Will Obama and DOD Get Light Air Support Right this Time?

By George Landrith

President Barack Obama, who spoke at length about job creation during his State of the Union address, would be well served to consider the economic benefits the country would already be enjoying had his administration not grossly mismanaged the Light Air Support (LAS) contract the first time around. Now, as the Air Force once again prepares to award this contract for aircraft crucial to our Afghanistan exit strategy, our attention is once again focused on their decision. Perhaps most concerning is the evidence uncovered during a legal review of the initial award indicating outright bias and poor judgment on the part of contracting officials. Let us hope the Air Force gets it right this time. Both our national security and our economic health will be impacted by the decision.

The LAS contract is an important component of the effort to build a stronger, independent Afghanistan that will have the equipment necessary to take over its own defense from U.S. forces. In late 2011, the American aircraft manufacturer Hawker Beechcraft was abruptly and incorrectly disqualified from the bidding process for the contract without notice. Almost immediately thereafter, the Air Force awarded the LAS contract to Brazilian-owned Embraer by way of their systems integrator – the Sierra Nevada Corporation (SNC).

It was a startling decision because Hawker Beechcraft is a longstanding and proven partner to our military airmen and women. Additionally, awarding the contract to Hawker Beechcraft, would have bolstered 1,400 long-term high-paying and skilled jobs in the U.S. while Embraer would have created only a few dozen American jobs and sent the vast majority of the jobs to Embraer’s headquarters in Brazil. Outsourcing the manufacturing of our defense equipment and technology to Brazil could weaken our long-term national security interests. It also weakens our economy.  

The Air Force tossed out the initial contract award last February and restarted the selection process after an investigation cited improprieties with the documentation contracting officials used to support the contract award decision. A lengthy legal challenge followed and recently resulted in a U.S. Court of Federal Claims judgment. The Air Force's own Commander Directed Investigation (CDI) exposed a fundamentally flawed, unfair and inherently biased contract selection process that favored Embraer/SNC. The court also discovered a vast amount of evidence that brings into question whether a truly competitive environment ever actually existed in the bidding process.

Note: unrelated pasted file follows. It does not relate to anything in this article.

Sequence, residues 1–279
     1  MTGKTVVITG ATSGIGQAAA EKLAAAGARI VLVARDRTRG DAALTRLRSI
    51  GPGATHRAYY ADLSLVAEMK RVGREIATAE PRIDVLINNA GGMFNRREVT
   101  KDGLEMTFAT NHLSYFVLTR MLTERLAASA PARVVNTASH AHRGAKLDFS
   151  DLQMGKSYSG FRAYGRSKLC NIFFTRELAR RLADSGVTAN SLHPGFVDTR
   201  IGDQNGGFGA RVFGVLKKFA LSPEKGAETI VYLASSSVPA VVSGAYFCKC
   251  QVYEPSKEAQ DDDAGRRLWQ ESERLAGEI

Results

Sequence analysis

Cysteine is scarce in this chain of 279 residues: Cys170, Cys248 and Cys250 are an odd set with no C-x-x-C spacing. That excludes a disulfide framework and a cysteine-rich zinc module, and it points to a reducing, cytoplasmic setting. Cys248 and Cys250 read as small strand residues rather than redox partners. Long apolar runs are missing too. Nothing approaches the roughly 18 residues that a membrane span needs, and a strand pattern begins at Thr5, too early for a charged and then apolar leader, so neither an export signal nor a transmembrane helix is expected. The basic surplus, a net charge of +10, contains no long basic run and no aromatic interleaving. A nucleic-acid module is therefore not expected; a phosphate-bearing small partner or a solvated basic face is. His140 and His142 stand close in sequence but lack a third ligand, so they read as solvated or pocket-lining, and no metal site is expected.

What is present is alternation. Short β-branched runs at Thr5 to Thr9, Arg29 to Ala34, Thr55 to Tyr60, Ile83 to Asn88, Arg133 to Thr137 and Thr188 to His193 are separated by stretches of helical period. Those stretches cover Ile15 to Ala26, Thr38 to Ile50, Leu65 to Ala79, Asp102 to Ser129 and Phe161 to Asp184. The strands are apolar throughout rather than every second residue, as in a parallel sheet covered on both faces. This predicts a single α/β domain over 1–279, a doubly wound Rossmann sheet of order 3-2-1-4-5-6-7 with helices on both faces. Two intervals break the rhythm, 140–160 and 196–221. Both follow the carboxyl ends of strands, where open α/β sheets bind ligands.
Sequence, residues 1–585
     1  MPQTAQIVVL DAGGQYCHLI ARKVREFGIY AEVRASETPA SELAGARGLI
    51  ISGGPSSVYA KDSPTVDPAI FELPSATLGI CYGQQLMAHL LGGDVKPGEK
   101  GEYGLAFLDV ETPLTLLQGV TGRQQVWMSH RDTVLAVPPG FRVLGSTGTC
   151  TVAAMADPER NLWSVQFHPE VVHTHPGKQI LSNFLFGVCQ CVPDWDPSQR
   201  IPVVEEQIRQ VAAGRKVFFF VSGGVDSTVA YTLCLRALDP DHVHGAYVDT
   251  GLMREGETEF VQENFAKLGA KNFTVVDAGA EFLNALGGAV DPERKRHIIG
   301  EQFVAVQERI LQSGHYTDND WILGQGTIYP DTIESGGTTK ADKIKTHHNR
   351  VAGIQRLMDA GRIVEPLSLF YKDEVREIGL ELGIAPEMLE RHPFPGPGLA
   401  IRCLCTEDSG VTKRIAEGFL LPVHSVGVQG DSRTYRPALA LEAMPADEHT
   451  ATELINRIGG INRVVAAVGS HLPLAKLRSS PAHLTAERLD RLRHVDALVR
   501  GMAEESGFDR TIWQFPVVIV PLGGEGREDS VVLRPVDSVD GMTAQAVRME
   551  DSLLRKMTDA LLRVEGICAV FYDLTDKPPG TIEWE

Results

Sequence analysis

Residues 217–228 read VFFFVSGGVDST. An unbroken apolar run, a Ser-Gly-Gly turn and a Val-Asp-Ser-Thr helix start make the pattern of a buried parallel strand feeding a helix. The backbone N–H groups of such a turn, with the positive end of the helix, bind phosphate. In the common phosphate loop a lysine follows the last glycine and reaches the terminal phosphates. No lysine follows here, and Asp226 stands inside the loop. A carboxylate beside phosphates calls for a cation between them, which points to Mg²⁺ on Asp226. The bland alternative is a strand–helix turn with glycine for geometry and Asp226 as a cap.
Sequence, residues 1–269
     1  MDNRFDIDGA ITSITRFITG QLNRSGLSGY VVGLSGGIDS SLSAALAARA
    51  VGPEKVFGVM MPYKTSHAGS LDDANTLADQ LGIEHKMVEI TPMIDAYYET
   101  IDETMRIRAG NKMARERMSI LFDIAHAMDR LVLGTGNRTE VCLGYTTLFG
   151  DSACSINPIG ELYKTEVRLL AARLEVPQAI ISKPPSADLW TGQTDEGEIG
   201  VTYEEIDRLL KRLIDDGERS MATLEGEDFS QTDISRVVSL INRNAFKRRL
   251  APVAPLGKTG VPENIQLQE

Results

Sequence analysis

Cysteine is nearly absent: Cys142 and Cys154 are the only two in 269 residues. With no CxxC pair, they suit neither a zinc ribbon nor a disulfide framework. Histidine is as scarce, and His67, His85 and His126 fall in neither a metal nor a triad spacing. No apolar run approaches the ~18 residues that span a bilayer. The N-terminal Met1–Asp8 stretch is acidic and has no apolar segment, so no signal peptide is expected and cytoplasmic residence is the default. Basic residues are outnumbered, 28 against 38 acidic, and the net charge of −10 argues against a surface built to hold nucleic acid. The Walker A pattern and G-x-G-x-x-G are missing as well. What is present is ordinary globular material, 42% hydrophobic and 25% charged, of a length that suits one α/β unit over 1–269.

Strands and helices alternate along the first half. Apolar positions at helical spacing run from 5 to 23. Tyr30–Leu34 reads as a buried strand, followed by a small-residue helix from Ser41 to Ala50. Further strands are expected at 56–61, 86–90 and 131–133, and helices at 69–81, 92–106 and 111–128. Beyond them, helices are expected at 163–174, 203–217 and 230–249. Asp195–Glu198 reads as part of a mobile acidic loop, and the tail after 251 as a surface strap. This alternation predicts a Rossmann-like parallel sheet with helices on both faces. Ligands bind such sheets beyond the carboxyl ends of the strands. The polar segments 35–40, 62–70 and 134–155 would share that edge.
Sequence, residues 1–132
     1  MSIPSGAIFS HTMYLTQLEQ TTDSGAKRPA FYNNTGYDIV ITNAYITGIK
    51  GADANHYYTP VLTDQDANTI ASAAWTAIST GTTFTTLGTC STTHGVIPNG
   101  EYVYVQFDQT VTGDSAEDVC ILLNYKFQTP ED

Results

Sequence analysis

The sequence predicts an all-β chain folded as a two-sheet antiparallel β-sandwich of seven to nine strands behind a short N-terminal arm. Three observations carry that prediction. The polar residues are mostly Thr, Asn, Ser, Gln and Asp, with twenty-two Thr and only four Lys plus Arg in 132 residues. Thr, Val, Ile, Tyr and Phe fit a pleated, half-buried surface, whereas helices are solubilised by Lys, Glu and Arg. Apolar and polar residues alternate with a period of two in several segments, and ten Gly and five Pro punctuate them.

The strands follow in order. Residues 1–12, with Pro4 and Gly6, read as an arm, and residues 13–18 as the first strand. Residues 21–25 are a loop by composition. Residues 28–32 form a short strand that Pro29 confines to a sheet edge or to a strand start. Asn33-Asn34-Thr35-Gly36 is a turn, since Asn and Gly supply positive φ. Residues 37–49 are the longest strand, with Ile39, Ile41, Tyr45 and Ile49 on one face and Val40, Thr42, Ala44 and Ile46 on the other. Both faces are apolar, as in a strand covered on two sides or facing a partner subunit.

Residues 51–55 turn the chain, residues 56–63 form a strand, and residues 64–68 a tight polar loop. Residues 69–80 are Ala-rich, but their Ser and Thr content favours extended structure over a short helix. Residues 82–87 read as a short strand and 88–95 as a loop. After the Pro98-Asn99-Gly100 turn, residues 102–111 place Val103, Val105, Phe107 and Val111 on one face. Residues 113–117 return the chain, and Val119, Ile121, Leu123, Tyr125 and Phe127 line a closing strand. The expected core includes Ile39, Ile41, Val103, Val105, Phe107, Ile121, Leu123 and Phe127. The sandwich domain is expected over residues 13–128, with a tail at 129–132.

Among some of the more shocking findings, the court determined that the, "Failure in the LAS source selection lies primarily with the execution by the people involved." The overwhelming evidence of bias included poorly assembled records which did not comply with the law and more expedited communications between the primary contracting officer and SNC (Embraer) even while the notice eliminating Hawker Beechcraft from consideration was sent by mail to an incorrect address. What's more, the Court found evidence that the Air Force was not cooperating and even interfered with Justice Department investigators who were examining the initial contract award. According to a recent report, the Justice Department also found that the Air Force destroyed records during the investigation.

Considering the facts, it is clear the Air Force leadership who oversaw the review and investigation, acted appropriately and correctly when it decided to terminate the initial contract award and begin anew. Unfortunately, their handling of the LAS contract thus far has resulted in a tremendous waste of taxpayer resources and delayed the delivery of vital aircraft to service members on the front lines. Additionally, the delay has had serious economic consequences given that the time wasted over the last year could have been spent supporting America's manufacturing base had Hawker Beechcraft rightfully been awarded the contract. 

As the Air Force nears a final decision on the LAS contract within the coming weeks, I hope they have fairly and completely considered the proposals before them. Likewise, I hope they appropriately value the importance of contracting with a reliable and proven partner and impact of manufacturing these planes here at home – where these jobs are needed.

George C. Landrith is the president and CEO of Frontiers of Freedom

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